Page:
Database descriptions, statistical standards (resolutions and guidelines), and guides and manuals – all the metadata to better understand the labour statistics presented on ILOSTAT.
The framework on work statistics has been widely publicized over the years, particularly to data producers and policymakers, as it was designed to improve labour market and gender analysis. But little has been said to data users interested in international comparisons. Until now. Here is the ILOSTAT solution to handling the impacts of revised definitions occurring on different schedules across the globe.
Generating high quality statistics relies on eliminating gender bias at all stages of the production process. This blog looks at how gender bias occurs in statistics and what the ILO is doing to support efforts to minimize it.
Concise description of concepts and definitions, uses, sources and limitations for (paid and unpaid) work statistics based on the 19th ICLS standards.
This free masterclass is available on eCampus, ITCILO’s online learning platform.
Watch the 9 video lessons to hear directly from Senior Experts in the ILO Department of Statistics about the challenges and developments countries are facing nowadays in what concerns labour statistics, and how International Statistical Standards are instrumental in developing statistical systems global in order to pave the way for a better future that promotes social justice through decent work.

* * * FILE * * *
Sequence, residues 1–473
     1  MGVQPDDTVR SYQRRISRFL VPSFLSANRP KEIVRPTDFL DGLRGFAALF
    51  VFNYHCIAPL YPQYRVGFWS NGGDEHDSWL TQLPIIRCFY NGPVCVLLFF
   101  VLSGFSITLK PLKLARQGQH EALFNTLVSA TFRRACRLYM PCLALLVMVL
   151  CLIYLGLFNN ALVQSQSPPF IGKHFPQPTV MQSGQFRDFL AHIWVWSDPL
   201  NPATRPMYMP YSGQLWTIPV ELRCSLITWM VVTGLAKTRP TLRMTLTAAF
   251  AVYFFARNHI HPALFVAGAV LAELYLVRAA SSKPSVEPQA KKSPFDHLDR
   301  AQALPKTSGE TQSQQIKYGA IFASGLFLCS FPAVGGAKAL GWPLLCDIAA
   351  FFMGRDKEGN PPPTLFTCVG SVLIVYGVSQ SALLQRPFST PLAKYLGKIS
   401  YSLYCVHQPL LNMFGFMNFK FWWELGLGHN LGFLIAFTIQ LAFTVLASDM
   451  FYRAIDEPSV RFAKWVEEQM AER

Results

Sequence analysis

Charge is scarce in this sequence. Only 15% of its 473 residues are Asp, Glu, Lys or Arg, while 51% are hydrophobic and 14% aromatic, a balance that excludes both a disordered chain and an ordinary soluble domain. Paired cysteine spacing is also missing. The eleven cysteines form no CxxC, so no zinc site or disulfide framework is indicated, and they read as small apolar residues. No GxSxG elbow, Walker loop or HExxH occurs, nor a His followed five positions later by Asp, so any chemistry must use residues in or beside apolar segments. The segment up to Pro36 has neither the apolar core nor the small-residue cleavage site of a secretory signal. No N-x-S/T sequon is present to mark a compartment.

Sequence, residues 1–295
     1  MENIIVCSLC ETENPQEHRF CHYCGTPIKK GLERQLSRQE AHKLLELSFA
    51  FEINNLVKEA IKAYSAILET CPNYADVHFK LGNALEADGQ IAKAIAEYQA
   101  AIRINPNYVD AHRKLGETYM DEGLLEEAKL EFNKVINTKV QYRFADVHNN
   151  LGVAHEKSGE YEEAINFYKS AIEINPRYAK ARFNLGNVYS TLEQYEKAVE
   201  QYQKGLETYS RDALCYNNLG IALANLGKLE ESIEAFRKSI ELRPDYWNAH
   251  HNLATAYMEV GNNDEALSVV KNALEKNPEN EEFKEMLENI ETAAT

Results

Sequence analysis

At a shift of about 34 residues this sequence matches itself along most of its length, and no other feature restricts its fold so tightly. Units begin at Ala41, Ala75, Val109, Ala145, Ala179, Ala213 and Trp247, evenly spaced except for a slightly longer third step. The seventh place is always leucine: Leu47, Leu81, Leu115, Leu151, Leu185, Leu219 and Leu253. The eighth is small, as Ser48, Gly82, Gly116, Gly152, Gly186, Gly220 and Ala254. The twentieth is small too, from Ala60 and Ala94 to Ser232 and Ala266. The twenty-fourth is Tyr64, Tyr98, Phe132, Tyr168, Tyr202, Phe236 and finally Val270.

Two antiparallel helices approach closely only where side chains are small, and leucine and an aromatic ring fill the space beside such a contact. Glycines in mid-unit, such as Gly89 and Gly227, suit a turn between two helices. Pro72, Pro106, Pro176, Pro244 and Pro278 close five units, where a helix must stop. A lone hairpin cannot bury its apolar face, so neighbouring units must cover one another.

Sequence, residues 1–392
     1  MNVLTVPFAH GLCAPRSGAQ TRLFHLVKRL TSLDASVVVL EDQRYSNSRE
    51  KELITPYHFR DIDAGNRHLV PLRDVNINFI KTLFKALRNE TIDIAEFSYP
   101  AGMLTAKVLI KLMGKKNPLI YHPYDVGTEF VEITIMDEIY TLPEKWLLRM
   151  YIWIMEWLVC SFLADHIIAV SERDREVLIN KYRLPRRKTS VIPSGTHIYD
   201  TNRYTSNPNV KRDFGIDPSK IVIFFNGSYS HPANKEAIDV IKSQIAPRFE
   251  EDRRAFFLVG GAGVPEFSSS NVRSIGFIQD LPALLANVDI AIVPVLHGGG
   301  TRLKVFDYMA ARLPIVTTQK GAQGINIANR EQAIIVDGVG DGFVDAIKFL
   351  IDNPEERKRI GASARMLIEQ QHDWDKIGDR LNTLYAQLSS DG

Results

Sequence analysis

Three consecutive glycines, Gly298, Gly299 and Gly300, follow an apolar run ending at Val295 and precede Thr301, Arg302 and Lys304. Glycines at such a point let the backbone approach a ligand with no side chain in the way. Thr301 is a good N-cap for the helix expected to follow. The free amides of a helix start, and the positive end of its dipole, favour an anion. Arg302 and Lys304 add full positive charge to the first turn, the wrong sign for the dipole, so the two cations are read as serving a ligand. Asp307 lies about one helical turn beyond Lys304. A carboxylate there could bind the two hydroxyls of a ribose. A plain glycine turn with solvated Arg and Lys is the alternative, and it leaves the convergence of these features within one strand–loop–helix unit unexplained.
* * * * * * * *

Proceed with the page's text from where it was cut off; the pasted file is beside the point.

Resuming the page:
How many men and women were employed last week? How many hours did they work in their main jobs? And how many hours did they work in unpaid activities such as caring for children? These are seemingly straightforward questions but measuring paid and unpaid work through household surveys is anything but straightforward. This holds true especially for women in developing countries, who are more often engaged in informal activities such as microenterprises or small-scale farming — activities that can fall through the cracks of traditional surveys.
This report presents the findings of the ILO-World Bank study in Sri Lanka. It shows the key areas of inconsistency discovered between the labour force survey and multi-topic living standards survey, how those inconsistencies were addressed across a range of topics including the measurement of employment, labour underutilization and own-use production work. In addition, the report highlights the range of valuable data that can be generated when the 19th ICLS standards are applied through household surveys.
Measuring Women and Men’s Work: Summary of Main Findings and Recommendations from a Joint ILO and World Bank Study in Sri Lanka
This brief highlights the key lessons learned during the ILO-World Bank study in Sri Lanka. It provides recommendations for household surveys seeking to measure in line with the latest international statistical standards, in particular those adopted at the 19th ICLS.
The data is abundantly clear on one point: the COVID-19 pandemic has had a disproportionately negative impact on women. Because more women work in the tourism, retail, and informal sectors, which have been hardest hit by the pandemic, their livelihoods have been upended. Understanding the extent of this impact is the first step in reversing course. Yet the pandemic has also exposed and exacerbated data gaps that undermine our ability to act intentionally and craft effective policy responses.